With economic hardships potentially putting a damper on local enrolment, the Government of Manitoba is putting all its effort into attracting international students to the province.
The province unveiled its new International Education Strategy in late January. The strategy examines how the province can help Manitoba universities become hot spots for international recruitment.
Minister of Competitiveness Andrew Swan said the government sees a lot of benefits to bringing international students here.
“It provides revenue, it creates diversity and it creates new connections for all of us,” Swan said.
He pointed to the $5 billion dollars that international students annually bring to the Canadian economy and said the province hopes to bring some of that money here.
The strategy includes broad recommendations and comes without any new funding as of yet. However, the government is also open to suggestions from universities on what they can do to help, and it may choose to allocate money if universities come to them with appealing proposals, Swan said.
David Arenas is a former international student from Mexico. While the recent University of Manitoba graduate described his overall study experience in Manitoba as good, he also has some recommendations for improvement.
Arenas would like to see more support and information for students who first arrive.
“When you first arrive it’s very hard to find a job because you don’t have Canadian work experience,” he said.
Neil Besner, associate vice-president international at the University of Winnipeg, likes the idea of working with the province to attract more students.
Besner recognized Arenas’ concerns and said that providing proper advising and guidance for new students was a priority for the university.
Although the province did not set aside any new funding for the initiative, Besner said the additional fees paid by international students cover the added costs of recruitment and acclimatization.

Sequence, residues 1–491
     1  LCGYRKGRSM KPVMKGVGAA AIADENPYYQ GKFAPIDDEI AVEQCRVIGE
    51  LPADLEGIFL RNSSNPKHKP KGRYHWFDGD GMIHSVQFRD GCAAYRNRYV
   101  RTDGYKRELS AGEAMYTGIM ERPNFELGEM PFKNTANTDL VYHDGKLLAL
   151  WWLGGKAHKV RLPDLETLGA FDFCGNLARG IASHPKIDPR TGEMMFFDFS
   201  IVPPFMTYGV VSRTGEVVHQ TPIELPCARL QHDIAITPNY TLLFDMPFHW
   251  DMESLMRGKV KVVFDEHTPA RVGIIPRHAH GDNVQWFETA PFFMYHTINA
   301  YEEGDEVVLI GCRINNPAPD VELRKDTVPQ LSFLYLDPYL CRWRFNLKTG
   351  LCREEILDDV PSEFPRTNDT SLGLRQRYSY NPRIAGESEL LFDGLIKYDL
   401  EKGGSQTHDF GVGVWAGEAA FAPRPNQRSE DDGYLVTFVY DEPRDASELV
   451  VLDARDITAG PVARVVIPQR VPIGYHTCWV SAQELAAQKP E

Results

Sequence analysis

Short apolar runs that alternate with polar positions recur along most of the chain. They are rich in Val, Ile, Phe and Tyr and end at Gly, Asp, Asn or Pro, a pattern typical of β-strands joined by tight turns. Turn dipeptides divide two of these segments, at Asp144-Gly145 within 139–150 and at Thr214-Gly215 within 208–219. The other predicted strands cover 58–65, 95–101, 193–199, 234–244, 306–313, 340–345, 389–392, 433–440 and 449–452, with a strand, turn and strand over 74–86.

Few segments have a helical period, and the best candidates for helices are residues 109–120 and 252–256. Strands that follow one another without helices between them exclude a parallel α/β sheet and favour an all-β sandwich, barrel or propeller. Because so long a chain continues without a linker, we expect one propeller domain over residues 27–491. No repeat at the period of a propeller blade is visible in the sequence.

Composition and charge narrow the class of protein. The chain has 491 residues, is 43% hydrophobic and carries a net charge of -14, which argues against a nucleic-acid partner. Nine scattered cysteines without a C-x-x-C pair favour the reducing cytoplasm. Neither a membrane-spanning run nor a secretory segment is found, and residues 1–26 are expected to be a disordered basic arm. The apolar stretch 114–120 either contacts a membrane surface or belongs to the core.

Because international students pay higher fees, local students don’t have to be concerned about losing funding or space, Besner said.
International students pay 260 per cent more than regular students, at $2,006.40 versus $557.28 for a six credit hour course.
Currently the U of W has about 500 international students; that is five per cent of the university’s total population. Besner hopes to increase it to 10 per cent by 2012.
Increasing the number of international students was good for the economy, he said.
“International students provide a good source of educated immigrants.”
Arenas said the province needs to give students a career-related reason to stay in the province.
“Students need the opportunity to advance in their careers,” he said.
Swan hopes the new strategy will address this need.
“The long term by-product of this strategy is more opportunities for joint ventures and more opportunities to collaborate with other countries,” he said.
Chances are high Arenas will leave Manitoba now that his studies are done.
But Swan said this is not necessarily a bad thing.
“Whether they stay or go home, they will be good ambassadors for this province,” he said.